Carroll recalled lingering pain and that it took her awhile to calm down that night, though acknowledged she didn’t seek medical attention. “I was extremely rattled, I didn’t know who I was, I couldn’t believe that it happened, I couldn’t believe that it happened to me,” she said.
Carroll testified that she called her friend Lisa Birnbach when she left the store because Birnbach, she said, was the funniest woman she knew.
“If Lisa thought it was funny then it was not a bad thing and I didn’t completely do a stupid thing,” Carroll recalled thinking. “I had not processed it. I had not processed what was going on.”
Birnbach told Carroll, who was laughing on the phone, that it wasn’t funny, that Carroll was raped and should report the assault to the police, Carroll testified.
Carroll testified that they eventually agreed never to talk about it again and that she felt ashamed of what she alleged happened with Trump. “Because I was flirting with him and laughing having one of the great times and it was high comedy, it was funny and then to have it turned into that,” Carroll said.
The next day at the studio where her TV show was filmed at the time, Carroll recalled seeing another friend, Carol Martin, in whome she later confided. Agreeing that they couldn’t speak plainly at work, Carroll told Martin about the incident with Trump later that night at Martin’s home.
Martin warned Carroll never to report her story or even talk about it because Trump would “bury” her with his legal team.
Carroll agreed with Martin. “I was frightened of Donald Trump. I thought he would retaliate and I was ashamed. I thought it was my fault,” she said.
‘Not settling a political score’
Carroll acknowledged she is a registered Democrat and thinks Trump is “evil” and “vile” and was a terrible president, but testified that her political views have nothing to do with her pursuit of this lawsuit.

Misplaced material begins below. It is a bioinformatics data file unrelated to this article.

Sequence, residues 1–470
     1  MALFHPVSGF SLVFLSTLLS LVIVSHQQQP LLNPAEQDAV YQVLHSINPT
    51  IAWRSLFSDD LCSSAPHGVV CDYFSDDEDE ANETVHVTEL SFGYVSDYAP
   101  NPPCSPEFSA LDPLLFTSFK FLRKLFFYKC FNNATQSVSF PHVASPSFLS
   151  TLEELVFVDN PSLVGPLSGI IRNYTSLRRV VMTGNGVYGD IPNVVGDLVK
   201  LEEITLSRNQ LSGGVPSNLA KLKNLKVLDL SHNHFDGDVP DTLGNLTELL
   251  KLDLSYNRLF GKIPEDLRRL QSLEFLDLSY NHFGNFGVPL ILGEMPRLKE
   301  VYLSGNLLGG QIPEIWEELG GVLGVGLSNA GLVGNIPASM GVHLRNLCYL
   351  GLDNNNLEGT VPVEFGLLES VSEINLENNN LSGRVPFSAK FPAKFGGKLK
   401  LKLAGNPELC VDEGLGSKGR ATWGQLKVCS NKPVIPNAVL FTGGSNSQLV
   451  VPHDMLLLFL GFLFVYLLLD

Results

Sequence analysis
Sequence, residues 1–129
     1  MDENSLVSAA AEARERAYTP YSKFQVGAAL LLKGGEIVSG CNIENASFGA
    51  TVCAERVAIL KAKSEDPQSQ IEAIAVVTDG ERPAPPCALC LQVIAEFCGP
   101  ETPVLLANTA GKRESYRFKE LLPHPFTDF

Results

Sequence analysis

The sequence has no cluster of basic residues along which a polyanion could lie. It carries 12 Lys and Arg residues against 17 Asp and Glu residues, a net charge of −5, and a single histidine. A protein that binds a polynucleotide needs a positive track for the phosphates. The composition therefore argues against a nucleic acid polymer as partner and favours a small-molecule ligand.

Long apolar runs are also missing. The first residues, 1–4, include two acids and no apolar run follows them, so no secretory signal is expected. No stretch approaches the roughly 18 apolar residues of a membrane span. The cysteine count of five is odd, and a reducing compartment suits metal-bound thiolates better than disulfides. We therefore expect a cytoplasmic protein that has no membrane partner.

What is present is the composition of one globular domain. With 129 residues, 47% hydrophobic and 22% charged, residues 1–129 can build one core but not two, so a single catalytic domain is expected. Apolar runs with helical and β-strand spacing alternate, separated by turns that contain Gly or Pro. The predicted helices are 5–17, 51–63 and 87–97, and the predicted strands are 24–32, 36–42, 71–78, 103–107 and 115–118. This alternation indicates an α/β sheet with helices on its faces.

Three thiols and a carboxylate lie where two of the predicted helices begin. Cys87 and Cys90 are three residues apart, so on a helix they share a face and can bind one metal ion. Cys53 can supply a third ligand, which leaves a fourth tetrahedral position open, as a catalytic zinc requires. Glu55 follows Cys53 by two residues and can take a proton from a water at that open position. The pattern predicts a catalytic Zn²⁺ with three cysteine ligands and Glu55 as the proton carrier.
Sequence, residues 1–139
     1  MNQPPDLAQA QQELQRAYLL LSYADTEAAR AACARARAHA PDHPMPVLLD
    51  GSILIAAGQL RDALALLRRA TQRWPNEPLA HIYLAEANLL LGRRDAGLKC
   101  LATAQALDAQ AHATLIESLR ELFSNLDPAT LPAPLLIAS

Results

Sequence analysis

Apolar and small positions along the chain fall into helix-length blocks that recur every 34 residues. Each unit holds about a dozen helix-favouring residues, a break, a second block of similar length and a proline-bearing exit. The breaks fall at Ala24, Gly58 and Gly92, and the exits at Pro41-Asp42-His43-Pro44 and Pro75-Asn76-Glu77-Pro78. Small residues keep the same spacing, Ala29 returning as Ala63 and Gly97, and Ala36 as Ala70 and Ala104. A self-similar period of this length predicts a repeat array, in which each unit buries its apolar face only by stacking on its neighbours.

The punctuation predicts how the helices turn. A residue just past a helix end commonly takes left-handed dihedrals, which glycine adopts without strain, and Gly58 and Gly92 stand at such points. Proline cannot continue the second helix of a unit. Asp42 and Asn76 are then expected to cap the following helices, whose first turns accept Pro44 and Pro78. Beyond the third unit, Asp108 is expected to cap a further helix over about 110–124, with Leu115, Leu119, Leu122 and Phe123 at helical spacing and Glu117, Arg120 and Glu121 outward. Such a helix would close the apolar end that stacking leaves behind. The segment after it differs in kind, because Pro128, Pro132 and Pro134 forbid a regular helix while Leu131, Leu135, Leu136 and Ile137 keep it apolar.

“I’m not settling a political score,” Carroll said. “I’m settling a personal score because he called me a liar repeatedly and it really has decimated my reputation. I’m a journalist – the one thing I have to have is the trust of the readers.”
Carroll’s attorney Michael Ferrara asked why she didn’t go public with her allegations when Trump first ran for president.
“I noticed that the more women who came forward to accuse him, the better he did in the polls,” she said.
Testimony from former store manager
Before Carroll took the stand, former Bergdorf Goodman Women’s Store Manager Cheryl Beall testified for under an hour as Carroll’s first witness in the civil trial.
Beall worked at the luxury department store for a decade until about 1998, and had an office on the sixth floor adjacent to the lingerie department where Carroll has alleged Trump raped her.
She walked the jury through a floor plan of the sixth floor from the relevant time period, describing the layout and fitting rooms on that floor as a wooden-walled room with walls that met the ceiling. The fitting room door locked automatically when closed, she testified.
Beall said the store had a practice of keeping fitting room doors closed while not in use, but they’d “regularly” be left open.
Bergdorf Goodman scheduled at least one person to monitor each department at all times but it was not uncommon that the area on the sixth floor would be left unmanned, especially on a slow evening, Beall said.
This story has been updated with additional details.